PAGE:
Single Review: Ayumi Hamasaki – “Rule / Sparkle”

sparkle Ayumi Hamasaki’s forty-fifth single, Rule / Sparkle, was released on Wednesday, February 25th. The first A-side, Rule, is being used as the ending theme for the live-action film Dragon Ball Evolution. Sparkle was used in commercials for the Honda Zest Spark. The single peaked at #1 on the Oricon Weekly Chart.

 Of the two A-sides on this single, Rule is the big one. It’s got a positively gigantic sound and fits the high energy level of the Dragon Ball universe very well. Ayumi’s voice is heavily distorted in the verses, so it’s difficult to assess her vocal performance in that section of the song, but she sounds great in the bridge and chorus. I have only one bone to pick about this song, and that is it’s not quite as energetic as I was hoping for. Something heavier and faster, I think, would have fit better, like her past single talkin’ 2 myself. Other than that, though, this is a solidly enjoyable song.

Even from the first few seconds, Sparkle sounds different from Rule in a number of ways. Instead of guitars, electronic synths are the main focus in the instrumental. In addition, the lyrics have a fairly sexual tone to them, quite a departure from the powerful lyrics in Rule. It’s sort of unfair to compare these two songs due to said differences, but Ayu’s vocal performance on this A-side is better by leaps and bounds than the other. It’s more upbeat, more unique and more exciting. The single should have been Sparkle/Rule!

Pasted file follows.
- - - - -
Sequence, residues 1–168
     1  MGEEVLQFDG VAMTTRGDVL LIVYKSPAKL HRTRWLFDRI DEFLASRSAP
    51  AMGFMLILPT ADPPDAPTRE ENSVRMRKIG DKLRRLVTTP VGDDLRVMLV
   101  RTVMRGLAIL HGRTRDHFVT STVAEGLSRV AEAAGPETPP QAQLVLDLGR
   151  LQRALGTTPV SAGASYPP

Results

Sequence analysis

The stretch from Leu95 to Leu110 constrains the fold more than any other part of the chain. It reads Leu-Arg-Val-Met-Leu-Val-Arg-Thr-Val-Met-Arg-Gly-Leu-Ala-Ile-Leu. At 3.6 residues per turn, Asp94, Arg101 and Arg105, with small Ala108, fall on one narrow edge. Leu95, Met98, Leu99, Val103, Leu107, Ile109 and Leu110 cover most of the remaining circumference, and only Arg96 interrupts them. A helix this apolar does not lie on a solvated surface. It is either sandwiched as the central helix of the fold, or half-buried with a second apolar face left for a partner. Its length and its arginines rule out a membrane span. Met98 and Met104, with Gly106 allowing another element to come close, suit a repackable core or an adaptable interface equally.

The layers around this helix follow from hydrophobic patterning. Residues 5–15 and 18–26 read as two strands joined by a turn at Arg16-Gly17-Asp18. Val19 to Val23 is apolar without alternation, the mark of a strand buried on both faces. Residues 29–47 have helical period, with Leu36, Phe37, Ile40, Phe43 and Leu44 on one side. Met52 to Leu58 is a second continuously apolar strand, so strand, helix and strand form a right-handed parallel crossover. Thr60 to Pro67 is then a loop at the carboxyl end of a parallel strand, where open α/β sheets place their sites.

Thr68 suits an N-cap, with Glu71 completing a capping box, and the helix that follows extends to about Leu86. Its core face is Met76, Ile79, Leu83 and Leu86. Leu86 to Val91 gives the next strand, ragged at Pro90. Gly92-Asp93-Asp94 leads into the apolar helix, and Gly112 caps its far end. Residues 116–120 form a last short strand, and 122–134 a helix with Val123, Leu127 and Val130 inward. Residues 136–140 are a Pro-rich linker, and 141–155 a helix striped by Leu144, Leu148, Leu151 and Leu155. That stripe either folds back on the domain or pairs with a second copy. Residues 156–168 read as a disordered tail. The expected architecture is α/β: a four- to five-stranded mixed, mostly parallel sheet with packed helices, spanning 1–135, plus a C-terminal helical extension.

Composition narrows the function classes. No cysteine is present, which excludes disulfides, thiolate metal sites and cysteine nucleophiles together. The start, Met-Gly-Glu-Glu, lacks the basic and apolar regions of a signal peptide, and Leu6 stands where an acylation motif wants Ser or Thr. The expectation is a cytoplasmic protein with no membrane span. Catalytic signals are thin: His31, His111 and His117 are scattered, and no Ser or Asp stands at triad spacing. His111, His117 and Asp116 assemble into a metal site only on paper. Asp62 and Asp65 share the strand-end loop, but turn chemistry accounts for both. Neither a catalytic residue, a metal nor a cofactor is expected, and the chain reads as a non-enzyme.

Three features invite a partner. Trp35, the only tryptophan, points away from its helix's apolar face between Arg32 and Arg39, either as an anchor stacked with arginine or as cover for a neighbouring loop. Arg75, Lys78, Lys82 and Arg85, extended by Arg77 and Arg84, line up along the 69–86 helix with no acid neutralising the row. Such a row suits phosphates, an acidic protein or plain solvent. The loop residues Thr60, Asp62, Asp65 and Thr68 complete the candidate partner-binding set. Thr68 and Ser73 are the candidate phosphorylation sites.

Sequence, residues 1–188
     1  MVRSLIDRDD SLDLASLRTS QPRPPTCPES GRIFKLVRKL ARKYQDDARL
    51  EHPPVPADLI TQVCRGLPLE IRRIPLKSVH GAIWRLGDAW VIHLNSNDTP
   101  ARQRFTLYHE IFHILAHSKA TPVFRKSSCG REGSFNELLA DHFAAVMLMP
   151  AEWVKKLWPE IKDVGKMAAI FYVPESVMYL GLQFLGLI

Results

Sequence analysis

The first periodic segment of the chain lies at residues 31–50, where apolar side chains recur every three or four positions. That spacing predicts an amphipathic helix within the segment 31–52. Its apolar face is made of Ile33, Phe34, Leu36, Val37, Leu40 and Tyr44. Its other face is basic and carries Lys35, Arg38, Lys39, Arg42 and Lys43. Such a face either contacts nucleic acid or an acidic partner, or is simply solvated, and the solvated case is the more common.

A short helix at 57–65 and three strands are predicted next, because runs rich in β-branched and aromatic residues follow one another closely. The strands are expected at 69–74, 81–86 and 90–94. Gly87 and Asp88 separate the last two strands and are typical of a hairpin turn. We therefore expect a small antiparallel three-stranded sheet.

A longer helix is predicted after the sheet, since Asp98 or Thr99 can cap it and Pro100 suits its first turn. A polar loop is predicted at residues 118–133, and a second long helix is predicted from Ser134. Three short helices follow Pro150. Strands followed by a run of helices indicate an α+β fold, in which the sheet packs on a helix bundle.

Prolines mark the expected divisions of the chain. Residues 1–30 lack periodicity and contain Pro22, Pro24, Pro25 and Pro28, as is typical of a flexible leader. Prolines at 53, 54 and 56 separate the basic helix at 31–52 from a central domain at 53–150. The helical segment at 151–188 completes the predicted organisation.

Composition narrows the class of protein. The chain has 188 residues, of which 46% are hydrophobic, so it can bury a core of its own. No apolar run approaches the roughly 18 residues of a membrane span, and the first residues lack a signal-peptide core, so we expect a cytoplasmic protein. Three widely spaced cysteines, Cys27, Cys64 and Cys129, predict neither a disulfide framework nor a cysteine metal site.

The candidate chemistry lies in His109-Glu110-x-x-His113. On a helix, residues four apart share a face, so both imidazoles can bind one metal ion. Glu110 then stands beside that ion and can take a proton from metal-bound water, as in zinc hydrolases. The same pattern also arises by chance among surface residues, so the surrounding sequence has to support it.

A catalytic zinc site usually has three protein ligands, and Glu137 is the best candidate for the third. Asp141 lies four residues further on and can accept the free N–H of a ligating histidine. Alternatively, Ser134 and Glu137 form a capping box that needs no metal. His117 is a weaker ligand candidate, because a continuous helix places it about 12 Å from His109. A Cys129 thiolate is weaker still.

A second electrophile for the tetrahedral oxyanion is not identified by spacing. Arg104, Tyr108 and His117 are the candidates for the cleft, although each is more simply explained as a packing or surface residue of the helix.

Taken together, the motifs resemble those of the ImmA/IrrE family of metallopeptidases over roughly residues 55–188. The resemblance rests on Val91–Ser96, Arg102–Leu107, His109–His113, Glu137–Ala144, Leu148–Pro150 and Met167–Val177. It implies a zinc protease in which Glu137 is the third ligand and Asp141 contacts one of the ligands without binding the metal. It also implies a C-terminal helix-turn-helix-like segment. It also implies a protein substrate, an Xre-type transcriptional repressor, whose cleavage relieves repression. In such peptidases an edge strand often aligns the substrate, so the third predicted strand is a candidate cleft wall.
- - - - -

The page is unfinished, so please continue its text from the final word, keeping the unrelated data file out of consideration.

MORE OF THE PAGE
Ayu really seems to have developed a fondness for rearranging her songs. Green (Acoustic Orchestra Version) is a new take on her last single, giving it a lavish sound with a full string arrangement. Although the vocals haven’t changed, the new instrumental brings a whole new dimension of beauty to what I consider to be an already great single. I love this version.

 Same thing with Days (Acoustic Orchestra Version). I feel pretty neutral about the original version of this song after having listened to it a couple times, but this new recut sounds much more dramatic and emotional, making it worth a listen for a whole new reason. Not bad at all.

 Sumary: Some people think Ayumi Hamasaki’s music has decreased in quality over the past year or so. I beg to differ. With Rule / Sparkle, Ayu continues to deliver fresh and contemporary ideas while still maintaining that inimitable quality for which she is so widely known. Now, I do admit I would have preferred Sparkle being the lead A-side rather than Rule, but for commercial reasons this can be excused. 

Single Grade: B

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